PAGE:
Gero Schultz noted that narrowly-focused JSRs promote agility but may increase fragmentation. Roger responded that optionality of APIs is only one aspect of fragmentation, and not necessarily the most significant. Gero responded that in MSA they had to define three different profiles for footprint reasons, which indicates the need to be very aware of footprint limitations.
Roger noted that finer granularity permits more reuse. Calinel quoted the example of a JSR that was filed for idle-screen functionality. EC members voted this down, recommending that the functionality be incorporated into MIDP3 instead. This meant that it took longer to develop and release.
John Rizzo argued that Sun/Oracle were a significant cause of the delay in MIDP3, and that it was unfair to argue that we need lighter/smaller JSRs because MDIP3 took so long. Craig Gering said that this was a fair comment, but argued that we must recognize that one of the major problems in ME is "pace" (time to market.) John Rizzo agreed with Roger that fragmentation at the API level is not the major issue.
The discussion then moved on to the question of whether APIs should be device-specific or broader and hence more reusable.
John Rizzo argued that MIDP would have been used across many different kinds of devices - including set-top boxes - if Sun had not imposed FOU restrictions. Calinel responded that they were not specifically addressing MIDP, and that the TV market uses standards specified outside of the JCP. Roger noted that they have considered using MIDP on other types of devices (eg, set-top boxes) and argued that a common platform that would allow services to be deployed across many devices would be very helpful. John insisted that the root problems are contractual - that they hadn't been permitted to use MIDP more broadly. He argued that there is no need for spec changes - all that is required are license changes.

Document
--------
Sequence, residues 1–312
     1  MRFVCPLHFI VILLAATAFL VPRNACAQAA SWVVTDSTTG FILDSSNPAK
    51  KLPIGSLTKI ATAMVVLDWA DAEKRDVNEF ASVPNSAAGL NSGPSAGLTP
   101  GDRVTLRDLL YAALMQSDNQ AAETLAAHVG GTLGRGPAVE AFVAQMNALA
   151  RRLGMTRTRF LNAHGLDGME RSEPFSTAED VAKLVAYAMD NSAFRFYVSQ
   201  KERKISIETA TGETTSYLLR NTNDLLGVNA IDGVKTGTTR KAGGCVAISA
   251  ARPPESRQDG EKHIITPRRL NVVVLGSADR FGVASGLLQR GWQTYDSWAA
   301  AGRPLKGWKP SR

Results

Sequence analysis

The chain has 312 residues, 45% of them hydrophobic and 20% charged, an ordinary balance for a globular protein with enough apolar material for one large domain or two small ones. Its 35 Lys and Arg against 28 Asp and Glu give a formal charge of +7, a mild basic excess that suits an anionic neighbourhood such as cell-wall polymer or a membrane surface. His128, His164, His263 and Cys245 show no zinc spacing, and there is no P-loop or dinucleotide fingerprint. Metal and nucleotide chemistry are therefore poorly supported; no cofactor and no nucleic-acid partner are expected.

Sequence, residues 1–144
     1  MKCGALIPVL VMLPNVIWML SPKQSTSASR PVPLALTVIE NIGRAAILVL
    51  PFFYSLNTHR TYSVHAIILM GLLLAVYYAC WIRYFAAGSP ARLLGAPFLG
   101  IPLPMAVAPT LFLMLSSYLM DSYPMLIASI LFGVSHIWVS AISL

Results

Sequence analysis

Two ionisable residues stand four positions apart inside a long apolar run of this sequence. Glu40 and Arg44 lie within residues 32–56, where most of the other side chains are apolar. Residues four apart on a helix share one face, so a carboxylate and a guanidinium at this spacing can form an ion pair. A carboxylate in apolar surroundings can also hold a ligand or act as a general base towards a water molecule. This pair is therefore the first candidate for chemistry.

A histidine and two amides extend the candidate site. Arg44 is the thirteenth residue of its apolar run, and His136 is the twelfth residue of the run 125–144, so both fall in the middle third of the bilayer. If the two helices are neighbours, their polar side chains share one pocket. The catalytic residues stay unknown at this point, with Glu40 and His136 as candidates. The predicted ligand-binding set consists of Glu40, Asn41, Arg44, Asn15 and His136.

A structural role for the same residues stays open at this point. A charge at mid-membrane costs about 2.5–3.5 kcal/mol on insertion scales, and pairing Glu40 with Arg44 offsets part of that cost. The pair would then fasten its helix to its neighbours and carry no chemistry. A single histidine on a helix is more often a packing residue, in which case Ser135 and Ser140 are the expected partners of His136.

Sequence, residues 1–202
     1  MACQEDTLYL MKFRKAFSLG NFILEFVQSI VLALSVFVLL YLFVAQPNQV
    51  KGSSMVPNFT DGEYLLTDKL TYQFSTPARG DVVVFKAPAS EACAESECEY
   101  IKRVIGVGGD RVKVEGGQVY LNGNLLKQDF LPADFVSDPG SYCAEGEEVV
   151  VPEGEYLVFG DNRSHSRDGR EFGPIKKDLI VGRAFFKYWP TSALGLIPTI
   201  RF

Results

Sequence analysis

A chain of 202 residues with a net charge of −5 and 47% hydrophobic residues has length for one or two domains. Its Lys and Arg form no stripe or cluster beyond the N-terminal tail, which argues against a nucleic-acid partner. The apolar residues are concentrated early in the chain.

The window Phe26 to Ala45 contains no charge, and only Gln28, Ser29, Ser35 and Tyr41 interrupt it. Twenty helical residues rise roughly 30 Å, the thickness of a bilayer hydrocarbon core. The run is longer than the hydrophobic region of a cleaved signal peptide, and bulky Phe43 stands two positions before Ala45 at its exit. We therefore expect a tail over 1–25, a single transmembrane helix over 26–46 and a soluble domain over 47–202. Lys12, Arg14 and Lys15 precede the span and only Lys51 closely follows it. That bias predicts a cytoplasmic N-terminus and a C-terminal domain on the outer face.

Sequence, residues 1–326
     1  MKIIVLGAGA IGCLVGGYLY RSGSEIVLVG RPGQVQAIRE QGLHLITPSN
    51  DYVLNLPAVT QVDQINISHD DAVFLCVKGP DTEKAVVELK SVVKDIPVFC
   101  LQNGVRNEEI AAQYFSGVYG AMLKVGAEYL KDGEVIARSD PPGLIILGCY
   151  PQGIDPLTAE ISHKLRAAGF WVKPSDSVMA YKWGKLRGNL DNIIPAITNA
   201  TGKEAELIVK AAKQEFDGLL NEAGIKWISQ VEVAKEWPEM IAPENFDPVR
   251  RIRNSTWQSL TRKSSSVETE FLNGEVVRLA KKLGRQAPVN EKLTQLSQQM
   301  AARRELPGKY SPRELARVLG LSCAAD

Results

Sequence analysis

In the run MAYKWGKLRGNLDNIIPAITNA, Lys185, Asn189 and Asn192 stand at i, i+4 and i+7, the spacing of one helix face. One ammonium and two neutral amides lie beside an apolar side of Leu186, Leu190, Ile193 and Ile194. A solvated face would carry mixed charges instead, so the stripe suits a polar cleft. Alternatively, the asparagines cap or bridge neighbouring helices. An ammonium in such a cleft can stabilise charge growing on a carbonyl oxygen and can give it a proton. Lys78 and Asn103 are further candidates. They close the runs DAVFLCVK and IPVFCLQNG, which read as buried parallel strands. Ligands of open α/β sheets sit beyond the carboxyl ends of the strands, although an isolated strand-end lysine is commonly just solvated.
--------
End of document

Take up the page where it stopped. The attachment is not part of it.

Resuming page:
Craig agreed that licensing issues need to be addressed, but argued for more commonality across platforms. Roger noted that the focus of MIDP spec has been phones and that little consideration was given to requirements of other devices such as set-top boxes. John agreed that there is a need for more commonality (a single platform) across all devices.
Roger Mahler asked whether Oracle have decided how package the proposed new features. Roger and Calinel explained that they deliberately haven't tried to specify whether the new functionality might be delivered in optional package JSRs or into another revision of the platform.